This article reprinted with permission from

140 Law - Legal Headlines for January 23, 2012

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Friday, January 20, 2012

140 Law - Legal Headlines for Friday, January 20, 2012

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Thursday, January 19, 2012

140 Law - Legal Headlines for Thursday, January 19, 2012

Here are the leading legal headlines from Wise Law on Twitter for Thursday, January 19, 2012:
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Wednesday, January 18, 2012

140 Law - Legal Headlines for Wednesday, January 18, 2012

Here are the leading legal headlines from Wise Law on Twitter for Wednesday, January 18, 2012:
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Saturday, January 14, 2012

This Week at the Ontario Court of Appeal - January 13, 2012

Each week, Wise Blog looks at recent decisions from the Ontario Court of Appeal.

Tuerr Holdings Inc. v. Vrankovic

The appellant, Peter Vrankovic, appealed from an order granting summary judgment to the respondent, Tuerr Holdings Inc., on the appellant's guarantee of a second mortgage on a commercial property owned by Cambridge Place Commercial Corporation ("Cambridge"). The appellant was the president and director of Cambridge.

The respondent served a Notice of Intention to Enforce Security on Cambridge and a Notice to Attorn Rents on Cambridge's tenants as a consequence of Cambridge being in default on its second mortgage to the respondent. On May 14, 2010, the parties executed a Minutes of Settlement and Forbearance Agreement. The respondent agreed to suspend any further enforcement proceedings on the mortgages until September 5, 2010. This agreement was contingent on Cambridge paying the arrears owing to the respondent and keeping its first mortgage on the property, held by Meridian Credit Union (Meridian), in good standing. Moreover, the Minutes of Settlement and Forbearance Agreement were confirmed by a consent court order.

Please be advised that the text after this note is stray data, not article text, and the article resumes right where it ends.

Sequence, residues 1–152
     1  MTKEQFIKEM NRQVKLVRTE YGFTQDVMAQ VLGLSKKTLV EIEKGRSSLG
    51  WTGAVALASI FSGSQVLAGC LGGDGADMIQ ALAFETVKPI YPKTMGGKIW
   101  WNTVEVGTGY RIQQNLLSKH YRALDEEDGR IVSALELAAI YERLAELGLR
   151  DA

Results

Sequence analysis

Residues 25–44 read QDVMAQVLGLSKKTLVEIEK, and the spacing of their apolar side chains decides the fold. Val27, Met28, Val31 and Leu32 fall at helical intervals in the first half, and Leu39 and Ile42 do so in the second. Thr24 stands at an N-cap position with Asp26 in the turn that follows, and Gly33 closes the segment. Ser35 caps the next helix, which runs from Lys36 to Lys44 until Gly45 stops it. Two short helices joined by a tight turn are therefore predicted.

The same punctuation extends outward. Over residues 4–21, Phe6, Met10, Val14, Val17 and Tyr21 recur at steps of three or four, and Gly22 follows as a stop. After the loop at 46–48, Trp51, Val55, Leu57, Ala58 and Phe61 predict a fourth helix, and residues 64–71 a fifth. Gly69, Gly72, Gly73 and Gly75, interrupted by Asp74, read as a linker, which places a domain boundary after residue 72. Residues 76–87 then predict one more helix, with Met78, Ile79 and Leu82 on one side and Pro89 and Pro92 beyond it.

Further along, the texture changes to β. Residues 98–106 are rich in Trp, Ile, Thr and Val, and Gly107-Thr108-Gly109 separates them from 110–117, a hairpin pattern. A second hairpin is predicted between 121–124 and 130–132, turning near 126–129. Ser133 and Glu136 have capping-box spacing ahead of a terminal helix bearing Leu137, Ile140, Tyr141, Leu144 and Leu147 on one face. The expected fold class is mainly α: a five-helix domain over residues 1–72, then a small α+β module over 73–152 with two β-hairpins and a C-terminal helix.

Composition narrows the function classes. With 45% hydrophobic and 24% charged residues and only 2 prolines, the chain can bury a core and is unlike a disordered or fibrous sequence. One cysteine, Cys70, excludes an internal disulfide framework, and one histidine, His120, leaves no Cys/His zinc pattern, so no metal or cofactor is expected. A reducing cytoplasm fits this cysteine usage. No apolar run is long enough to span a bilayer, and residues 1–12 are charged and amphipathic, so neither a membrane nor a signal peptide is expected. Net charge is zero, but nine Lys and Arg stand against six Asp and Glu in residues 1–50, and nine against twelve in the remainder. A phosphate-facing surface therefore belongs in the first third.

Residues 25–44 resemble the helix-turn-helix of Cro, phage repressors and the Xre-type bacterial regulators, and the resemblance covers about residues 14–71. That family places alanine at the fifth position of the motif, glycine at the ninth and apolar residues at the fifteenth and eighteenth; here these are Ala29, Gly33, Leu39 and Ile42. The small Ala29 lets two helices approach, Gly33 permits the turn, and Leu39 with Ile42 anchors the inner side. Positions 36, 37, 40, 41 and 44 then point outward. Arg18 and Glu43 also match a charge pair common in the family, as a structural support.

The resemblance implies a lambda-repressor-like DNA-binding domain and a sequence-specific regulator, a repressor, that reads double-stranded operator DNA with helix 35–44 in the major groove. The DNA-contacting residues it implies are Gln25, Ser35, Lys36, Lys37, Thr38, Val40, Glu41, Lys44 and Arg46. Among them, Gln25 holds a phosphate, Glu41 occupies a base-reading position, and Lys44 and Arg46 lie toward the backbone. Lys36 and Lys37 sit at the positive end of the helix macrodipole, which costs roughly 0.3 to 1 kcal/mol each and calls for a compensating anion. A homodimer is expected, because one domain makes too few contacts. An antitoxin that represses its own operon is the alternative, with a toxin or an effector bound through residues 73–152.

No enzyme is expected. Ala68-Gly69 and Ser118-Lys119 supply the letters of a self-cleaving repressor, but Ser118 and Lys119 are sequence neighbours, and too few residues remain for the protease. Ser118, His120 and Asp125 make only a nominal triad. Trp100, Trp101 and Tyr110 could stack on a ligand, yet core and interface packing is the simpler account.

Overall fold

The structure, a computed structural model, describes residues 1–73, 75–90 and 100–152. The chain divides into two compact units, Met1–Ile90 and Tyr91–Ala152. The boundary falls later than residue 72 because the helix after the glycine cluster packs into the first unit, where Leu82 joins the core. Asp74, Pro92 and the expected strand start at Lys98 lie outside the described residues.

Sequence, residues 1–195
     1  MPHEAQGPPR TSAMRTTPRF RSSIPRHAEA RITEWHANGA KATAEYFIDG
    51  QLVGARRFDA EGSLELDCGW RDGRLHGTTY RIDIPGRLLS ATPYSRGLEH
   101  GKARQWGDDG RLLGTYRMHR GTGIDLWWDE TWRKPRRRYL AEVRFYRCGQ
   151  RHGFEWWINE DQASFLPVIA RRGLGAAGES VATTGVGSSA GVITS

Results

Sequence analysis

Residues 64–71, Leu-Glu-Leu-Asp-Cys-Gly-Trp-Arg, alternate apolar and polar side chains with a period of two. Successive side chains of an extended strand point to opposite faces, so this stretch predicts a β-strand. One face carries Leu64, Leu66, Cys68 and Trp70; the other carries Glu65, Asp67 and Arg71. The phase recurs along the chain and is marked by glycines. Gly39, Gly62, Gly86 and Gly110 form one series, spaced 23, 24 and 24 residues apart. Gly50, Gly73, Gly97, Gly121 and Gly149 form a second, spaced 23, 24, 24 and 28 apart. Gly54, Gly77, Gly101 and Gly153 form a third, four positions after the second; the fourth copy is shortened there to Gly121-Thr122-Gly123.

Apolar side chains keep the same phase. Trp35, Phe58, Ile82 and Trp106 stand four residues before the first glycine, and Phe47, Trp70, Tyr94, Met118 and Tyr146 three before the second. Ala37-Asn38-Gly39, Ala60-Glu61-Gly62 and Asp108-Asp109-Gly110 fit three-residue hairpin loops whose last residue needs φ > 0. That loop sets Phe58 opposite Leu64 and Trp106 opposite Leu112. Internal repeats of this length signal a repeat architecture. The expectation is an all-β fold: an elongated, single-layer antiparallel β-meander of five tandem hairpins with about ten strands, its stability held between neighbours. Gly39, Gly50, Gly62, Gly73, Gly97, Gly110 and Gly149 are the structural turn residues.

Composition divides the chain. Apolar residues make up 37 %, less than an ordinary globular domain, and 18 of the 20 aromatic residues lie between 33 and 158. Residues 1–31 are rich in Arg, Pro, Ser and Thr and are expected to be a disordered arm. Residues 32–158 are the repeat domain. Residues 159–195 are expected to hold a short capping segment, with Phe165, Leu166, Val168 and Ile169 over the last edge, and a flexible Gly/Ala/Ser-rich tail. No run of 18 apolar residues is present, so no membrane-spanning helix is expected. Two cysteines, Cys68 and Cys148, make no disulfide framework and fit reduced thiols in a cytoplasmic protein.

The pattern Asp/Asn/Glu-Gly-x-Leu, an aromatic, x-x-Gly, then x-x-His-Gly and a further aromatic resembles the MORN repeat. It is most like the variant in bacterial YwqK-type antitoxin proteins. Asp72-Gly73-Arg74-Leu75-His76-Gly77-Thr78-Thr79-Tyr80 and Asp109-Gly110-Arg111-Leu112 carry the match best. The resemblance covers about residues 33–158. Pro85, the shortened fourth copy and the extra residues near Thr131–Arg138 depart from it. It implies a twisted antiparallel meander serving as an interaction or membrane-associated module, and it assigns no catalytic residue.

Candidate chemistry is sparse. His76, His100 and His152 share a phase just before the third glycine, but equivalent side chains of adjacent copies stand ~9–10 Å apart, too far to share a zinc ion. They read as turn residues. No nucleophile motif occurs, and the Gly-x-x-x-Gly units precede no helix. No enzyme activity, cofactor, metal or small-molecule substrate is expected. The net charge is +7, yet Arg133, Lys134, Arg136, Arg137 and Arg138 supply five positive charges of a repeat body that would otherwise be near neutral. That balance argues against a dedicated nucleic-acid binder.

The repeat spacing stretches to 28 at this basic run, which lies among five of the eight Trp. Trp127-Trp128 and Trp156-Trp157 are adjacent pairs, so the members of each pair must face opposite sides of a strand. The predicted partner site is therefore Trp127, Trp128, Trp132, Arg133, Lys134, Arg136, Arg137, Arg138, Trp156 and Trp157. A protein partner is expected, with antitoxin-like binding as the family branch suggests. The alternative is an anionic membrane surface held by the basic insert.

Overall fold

Contrary to their agreement, Cambridge failed to pay the arrears owing to the respondent and defaulted on its first mortgage to Meridian. As a consequence, Meridian obtained an order appointing a Receiver to sell the property. Furthermore, the respondent commenced an action against the appellant on his guarantee of the second mortgage and obtained summary judgment on the claim.

The Court agreed with the motion judge that Cambridge breached the terms of the Minutes of Settlement and Forbearance Agreement by failing to pay the arrears owing to the respondent and by its default under the first mortgage provided by Meridian. Further, when Vrankovic signed the Minutes of Settlement, the respondent was unaware that Cambridge was already in default in its mortgage payments to Meridian (first mortgagee), and owed over $500,000 in municipal taxes on the property. The Court reaffirmed the motion judge's conclusion that by signing the document in his personal capacity, the appellant waived his right to raise any previous deficiencies in the respondent's enforcement proceedings in response to the motion for summary judgment.

The Court dismissed the appellant's position that Meridian verbally agreed to forbear on enforcement of its first mortgage and to permit Cambridge to pay reduced rent so that it could pursue lease negotiations that would yield increased revenue from existing or potential tenants. The appellant submitted that this evidence served a viable defence to Meridian's assertion that it was entitled to enforce its mortgage security. Additionally, the Court noted that the motion judge correctly rejected the appellant's assertions of an oral forbearance agreement with Meridian, as these assertions were not supported by any documentary evidence, were inconsistent with the terms of the first mortgage and failed to adduce any convincing evidence that Cambridge lost prospective tenants as a result of the respondent's actions.